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negative question with can

English grammar help. Grammar questions from ESL learners

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negative question with can

Postby googl » Fri Oct 01, 2004 7:36 am

How should I make an unconctracted (negative) question with cannot: Cannot I do? or Can I not do? (if there was other aux instead of "can", the 2. would be correct; but cannot is written together; is it true in negative question too?).
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Postby Alan » Sun Oct 03, 2004 1:44 pm

Formally: Can I not do?
Informally: Can't I do?

'Cannot I do?' is archaic
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Postby googl » Sun Oct 03, 2004 9:28 pm

Does it mean generally speaking that when I have to split "cannot" into aux + subject + not, I should always write "can ... not" (write cannot as two words, so a formal question tag: "I can do, can I not" and adverb: "I can <some adv> not")? (Am I right? Or should be "I can do, cannot I?")
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Postby Alan » Mon Oct 04, 2004 3:54 am

I'm not sure that I fully understand your question, but let me just reiterate that the sequence 'cannot I' never occurs in contemporary English. The choice of interrogative forms is always between the two previously mentioned.

Does that answer your question?
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Postby googl » Mon Oct 04, 2004 6:51 am

I think that:
1. A formal tag question to can should be "I can do, can I not?" (but not "I can do, cannot I?")
2. If I want to put an adverb beetwen cannot I must write it separately: I can <adv> not do. (but not I cannot <adv> do)

Am I right?
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Postby Alan » Mon Oct 04, 2004 7:27 am

I think that:
1. A formal tag question to can should be "I can do, can I not?" (but not "I can do, cannot I?")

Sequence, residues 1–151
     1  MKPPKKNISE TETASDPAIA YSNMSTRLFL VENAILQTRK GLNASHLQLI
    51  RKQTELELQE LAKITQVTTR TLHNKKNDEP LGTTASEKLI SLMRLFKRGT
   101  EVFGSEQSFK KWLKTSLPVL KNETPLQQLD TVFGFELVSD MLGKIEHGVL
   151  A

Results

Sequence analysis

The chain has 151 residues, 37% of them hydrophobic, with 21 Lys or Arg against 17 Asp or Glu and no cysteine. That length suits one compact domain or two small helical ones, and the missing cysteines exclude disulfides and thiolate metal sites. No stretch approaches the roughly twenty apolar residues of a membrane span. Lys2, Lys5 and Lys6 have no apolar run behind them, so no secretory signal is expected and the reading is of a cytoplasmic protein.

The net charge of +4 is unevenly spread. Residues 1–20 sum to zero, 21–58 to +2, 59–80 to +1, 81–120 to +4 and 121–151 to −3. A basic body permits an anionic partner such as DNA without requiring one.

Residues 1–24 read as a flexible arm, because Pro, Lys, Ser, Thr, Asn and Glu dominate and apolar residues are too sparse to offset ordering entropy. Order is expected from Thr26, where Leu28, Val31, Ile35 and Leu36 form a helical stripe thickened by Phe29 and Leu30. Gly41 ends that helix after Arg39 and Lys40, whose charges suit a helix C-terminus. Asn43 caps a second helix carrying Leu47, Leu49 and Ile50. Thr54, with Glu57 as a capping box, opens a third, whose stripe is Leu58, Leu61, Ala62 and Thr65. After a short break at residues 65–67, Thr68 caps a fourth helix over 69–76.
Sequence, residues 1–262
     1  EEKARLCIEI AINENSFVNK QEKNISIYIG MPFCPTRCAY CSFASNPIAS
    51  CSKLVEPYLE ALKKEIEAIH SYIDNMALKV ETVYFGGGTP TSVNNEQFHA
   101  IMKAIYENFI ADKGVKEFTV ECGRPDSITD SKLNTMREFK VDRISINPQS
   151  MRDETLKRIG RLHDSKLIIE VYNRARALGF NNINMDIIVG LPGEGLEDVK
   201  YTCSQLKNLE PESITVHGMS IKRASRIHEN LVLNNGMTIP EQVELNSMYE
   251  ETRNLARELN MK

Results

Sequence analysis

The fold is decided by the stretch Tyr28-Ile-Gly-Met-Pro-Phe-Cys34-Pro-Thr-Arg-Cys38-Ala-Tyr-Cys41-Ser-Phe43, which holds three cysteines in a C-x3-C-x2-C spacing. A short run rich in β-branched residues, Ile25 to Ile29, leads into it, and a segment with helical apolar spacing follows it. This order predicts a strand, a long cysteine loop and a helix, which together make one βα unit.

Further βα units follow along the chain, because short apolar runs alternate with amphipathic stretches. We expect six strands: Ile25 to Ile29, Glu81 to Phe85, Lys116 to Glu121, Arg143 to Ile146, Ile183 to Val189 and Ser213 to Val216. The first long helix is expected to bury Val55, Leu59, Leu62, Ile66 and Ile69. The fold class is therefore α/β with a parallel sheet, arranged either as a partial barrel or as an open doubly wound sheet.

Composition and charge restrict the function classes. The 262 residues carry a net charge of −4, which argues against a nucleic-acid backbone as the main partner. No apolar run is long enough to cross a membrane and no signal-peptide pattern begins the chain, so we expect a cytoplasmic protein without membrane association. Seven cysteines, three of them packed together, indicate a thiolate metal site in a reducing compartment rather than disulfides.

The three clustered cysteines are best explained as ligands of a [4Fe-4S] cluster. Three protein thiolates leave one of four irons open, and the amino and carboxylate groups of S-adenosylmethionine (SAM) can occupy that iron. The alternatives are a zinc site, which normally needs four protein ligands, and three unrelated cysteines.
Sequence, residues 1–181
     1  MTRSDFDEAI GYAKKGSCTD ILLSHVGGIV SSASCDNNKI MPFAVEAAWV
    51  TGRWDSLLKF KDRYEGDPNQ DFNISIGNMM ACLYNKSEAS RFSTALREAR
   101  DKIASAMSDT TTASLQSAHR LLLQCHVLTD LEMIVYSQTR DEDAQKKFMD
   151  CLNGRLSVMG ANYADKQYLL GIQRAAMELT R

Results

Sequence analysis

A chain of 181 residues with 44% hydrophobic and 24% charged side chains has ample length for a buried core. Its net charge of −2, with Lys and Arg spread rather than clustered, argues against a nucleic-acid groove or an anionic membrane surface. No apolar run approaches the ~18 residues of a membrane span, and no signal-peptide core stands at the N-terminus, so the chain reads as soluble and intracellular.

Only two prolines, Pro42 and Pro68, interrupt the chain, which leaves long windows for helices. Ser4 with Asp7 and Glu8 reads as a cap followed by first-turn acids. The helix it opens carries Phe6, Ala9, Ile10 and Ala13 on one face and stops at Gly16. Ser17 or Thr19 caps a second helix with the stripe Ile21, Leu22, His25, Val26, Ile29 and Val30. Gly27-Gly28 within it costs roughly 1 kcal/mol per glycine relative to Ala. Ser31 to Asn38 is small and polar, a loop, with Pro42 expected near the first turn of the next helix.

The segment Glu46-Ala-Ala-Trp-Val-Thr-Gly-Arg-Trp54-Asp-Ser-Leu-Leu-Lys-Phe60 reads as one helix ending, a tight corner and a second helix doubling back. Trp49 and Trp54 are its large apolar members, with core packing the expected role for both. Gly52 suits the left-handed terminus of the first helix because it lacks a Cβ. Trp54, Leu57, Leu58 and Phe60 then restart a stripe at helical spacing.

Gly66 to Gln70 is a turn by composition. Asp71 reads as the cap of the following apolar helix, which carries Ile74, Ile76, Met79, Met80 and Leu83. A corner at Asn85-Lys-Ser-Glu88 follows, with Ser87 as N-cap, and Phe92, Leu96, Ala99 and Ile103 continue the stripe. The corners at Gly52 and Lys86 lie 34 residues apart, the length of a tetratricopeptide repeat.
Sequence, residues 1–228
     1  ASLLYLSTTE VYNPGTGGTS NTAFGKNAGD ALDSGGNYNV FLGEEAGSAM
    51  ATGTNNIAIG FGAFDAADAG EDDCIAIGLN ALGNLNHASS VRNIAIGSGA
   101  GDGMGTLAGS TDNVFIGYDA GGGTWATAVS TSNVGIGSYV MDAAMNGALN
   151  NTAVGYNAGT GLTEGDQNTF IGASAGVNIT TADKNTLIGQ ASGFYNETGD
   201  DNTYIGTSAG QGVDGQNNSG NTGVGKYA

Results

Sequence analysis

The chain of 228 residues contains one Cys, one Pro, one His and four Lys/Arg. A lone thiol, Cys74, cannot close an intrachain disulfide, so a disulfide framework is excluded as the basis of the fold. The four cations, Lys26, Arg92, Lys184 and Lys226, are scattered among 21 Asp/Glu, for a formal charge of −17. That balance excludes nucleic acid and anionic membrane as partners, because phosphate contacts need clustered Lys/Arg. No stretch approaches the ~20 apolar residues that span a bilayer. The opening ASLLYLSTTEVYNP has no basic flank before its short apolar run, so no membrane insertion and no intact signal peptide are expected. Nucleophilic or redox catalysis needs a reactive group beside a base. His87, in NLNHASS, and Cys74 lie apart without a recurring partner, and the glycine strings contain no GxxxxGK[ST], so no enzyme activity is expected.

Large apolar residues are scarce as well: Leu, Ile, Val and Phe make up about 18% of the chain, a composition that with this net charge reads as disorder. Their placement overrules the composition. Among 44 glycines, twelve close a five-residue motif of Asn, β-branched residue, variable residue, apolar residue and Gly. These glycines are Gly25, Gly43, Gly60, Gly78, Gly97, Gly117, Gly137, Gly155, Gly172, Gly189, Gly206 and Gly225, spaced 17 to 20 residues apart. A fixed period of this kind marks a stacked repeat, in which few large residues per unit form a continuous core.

***********************************************
Yes, although you would need to say "I can do IT, can I not?"
***********************************************

2. If I want to put an adverb beetwen cannot I must write it separately: I can <adv> not do. (but not I cannot <adv> do)

***********************************************
No, the adverb would be placed before or after 'cannot', as in
I really cannot say. or I cannot absolutely guarantee it..

The construction [can + ADV + not] is rarely used.
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Postby googl » Mon Oct 04, 2004 7:34 am

One more question: what's the general rule - when to write can + sth. + not, and when cannot + sth.?
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Postby Alan » Mon Oct 04, 2004 8:00 am

There is only one situation that I can think of where you would have to use [can+ADV+not] rather than more standard [cannot+ADV], and that is in a sentence such as

If you're worried about the results, you CAN always NOT go for the medical in the first place!

meaning 'it is at all times possible for you not to go', clearly distinct from near-meaningless

?If you're worried about the results, you CANNOT always go for the medical in the first place.

where the second part would mean 'it is possible that you may not be able to go at certain times'.

Other than this fairly rare case, however, [cannot + ADV] will invariably be the correct/preferable form.
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Postby googl » Mon Oct 04, 2004 8:12 am

Thanks for Your help, Alan. It is very appreciated.
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